George Roy Hill’s charming Western Butch Cassidy and the Sundance Kid, released at the end of 1969, performed a precarious balancing act. It asked us to believe that criminals were essentially soft-hearted, and their acts of crime amusing aberrations that could be forgiven with the twinkle of a blue eye. With all due respect to the director, he could not fail with his deftly chosen leads, Paul Newman and Robert Redford, whose remarkable good looks and onscreen chemistry seduced us away from any moral qualms over supporting the bad guys.
As if that weren’t enough, Butch Cassidy also had its killer song. Burt Bacharach had been commissioned to write the score for the movie, and insisted on including a piece he had already named, in his head, “Raindrops Keep Fallin’ On My Head”. To Hill’s annoyance, the song demanded an interruption in the action. The director played it for laughs, allowing Newman to show off some stunts on a bicycle to the beautiful Katharine Ross. The actor’s comedic gifts and the song’s sunny optimism were an irresistible combination.
Weeks later, the singer BJ Thomas took “Raindrops” to the Billboard charts, where it became the first number one of the 1970s. The song stood out, not only for its lovely melody, Bacharach’s trademark octave leaps negotiated with deceptive ease by the singer, but for its absurdly upbeat message. This was the bitter end of the 1960s, and the beginning of a decade many people believed would be bleaker still (they were right). Among the chart companions of “Raindrops” that week were Led Zeppelin’s “Whole Lotta Love” (not a song about kisses and cuddles) and the Plastic Ono Band’s “Cold Turkey” (nothing to do with Christmas or Thanksgiving).
There was panic in the streets and trepidation in the air; yet David’s wholesome lyrics urged us to remain cheerful: “But there’s one thing I know/The blues they send to meet me/Won’t defeat me/It won’t be long till happiness/Comes up to greet me.” Thomas has claimed that the song was originally offered to Bob Dylan. Had the singer accepted, his inevitably ironic rendition would surely have changed the history of cabaret repertoire.
As it was, the song was a gift for every easy-listening singer on the planet. It appeared that year on albums by Perry Como, Johnny Mathis and Andy Williams. It zipped its way around Europe: Sacha Distel recorded “Toute La Pluie Tombe Sur Moi” and “Gocce di Pioggia Su Di Me”, to the delight of the Mediterranean’s crooning classes.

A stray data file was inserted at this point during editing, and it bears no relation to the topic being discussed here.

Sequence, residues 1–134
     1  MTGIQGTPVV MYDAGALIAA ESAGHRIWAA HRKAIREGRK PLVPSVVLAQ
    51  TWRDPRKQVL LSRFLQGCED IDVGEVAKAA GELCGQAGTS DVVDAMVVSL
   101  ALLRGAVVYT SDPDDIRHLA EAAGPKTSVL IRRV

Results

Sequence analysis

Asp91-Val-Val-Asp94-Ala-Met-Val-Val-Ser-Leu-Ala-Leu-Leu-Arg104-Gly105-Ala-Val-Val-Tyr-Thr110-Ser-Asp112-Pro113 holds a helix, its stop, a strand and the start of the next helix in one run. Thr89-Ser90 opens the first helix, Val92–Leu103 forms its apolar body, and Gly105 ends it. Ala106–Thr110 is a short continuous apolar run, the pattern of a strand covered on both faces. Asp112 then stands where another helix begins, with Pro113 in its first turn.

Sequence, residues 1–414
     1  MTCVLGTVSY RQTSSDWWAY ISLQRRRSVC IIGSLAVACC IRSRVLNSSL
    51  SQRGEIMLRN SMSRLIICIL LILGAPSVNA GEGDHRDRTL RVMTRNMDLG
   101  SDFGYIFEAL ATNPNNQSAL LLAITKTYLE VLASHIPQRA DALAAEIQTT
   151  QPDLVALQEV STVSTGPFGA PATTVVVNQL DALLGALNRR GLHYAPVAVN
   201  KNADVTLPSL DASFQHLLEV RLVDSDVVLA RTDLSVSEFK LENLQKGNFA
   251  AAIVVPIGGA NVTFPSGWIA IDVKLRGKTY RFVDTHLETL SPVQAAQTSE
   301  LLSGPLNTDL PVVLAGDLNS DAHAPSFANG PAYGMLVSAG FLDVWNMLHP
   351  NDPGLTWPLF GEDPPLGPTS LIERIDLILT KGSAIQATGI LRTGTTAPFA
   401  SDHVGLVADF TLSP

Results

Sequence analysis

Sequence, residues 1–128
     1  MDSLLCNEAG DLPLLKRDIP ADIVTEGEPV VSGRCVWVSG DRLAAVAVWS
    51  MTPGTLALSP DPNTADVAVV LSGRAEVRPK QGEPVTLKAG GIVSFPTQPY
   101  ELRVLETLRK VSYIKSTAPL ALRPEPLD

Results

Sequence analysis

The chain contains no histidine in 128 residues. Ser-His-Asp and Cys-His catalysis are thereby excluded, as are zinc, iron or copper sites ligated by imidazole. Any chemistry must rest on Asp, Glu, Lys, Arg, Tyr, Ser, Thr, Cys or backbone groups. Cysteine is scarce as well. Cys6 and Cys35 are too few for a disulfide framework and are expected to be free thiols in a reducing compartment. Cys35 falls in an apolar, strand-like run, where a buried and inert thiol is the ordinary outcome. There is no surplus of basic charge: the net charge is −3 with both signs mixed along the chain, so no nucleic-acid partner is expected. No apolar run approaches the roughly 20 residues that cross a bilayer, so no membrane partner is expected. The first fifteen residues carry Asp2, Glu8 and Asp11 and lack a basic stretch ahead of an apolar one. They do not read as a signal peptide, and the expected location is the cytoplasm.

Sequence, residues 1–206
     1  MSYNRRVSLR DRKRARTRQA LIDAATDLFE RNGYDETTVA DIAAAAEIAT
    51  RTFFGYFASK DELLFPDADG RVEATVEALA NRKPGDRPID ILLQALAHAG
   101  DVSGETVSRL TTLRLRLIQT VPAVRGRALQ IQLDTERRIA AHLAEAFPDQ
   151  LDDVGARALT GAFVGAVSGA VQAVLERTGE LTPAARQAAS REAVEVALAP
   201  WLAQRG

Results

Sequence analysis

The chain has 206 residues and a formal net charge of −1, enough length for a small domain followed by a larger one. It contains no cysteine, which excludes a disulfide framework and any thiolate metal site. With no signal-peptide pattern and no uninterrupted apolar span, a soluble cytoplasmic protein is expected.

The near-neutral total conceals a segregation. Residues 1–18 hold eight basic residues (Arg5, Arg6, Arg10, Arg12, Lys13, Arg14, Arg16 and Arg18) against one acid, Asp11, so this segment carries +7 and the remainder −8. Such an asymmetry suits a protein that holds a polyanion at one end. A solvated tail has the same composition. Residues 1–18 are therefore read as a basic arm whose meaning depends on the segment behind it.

But as the decade began to fall apart, “Raindrops” became an anachronism. Hard to believe now but for a while Bacharach’s songwriting genius was neglected by a generation that was not used to seeing things sunny-side-up. The lack of appreciation did not last long, however. Appropriately, “Raindrops” began to make its presence felt once again where it had first appeared, on film.
The jaunty ukulele strumming of the song’s opening bars became a kind of short code for a feel-good moment: it played in the background when President Richard Nixon gave yet another award to Forrest Gump; it resounded more insistently when Spider-Man, in the second of the film’s franchise, abandoned his superhero persona, abdicating responsibility for putting the world to right. “Raindrops” became an anthem of carefree living in a furiously complicated world.
And then, something more profound still: an exhortation to keep going in the face of tragedy. The Manic Street Preachers had long used the song in live performances, and turned to it once again when their guitarist Richey Edwards disappeared at the beginning of 1995. “Raindrops” was the first song the group recorded, for the charity album Help, later that year. James Dean Bradfield’s voice may have lacked the smoothness of previous interpreters, but added grit to the facile lyric.
Last year the song was finally inducted into the Grammy Hall of Fame, an institution which has just learned of the end of the second world war. Yes, it was about time. “Raindrops” has paid it dues. Is there a greater lifter of the spirits in the popular music repertoire? Someone send it to the new leader of Britain’s Labour party.
For more in the series, plus podcasts with clips of the songs, visit ft.com/life-of-a-song
Photographs: Redferns/Getty Images/Mick Hutson; Allstar
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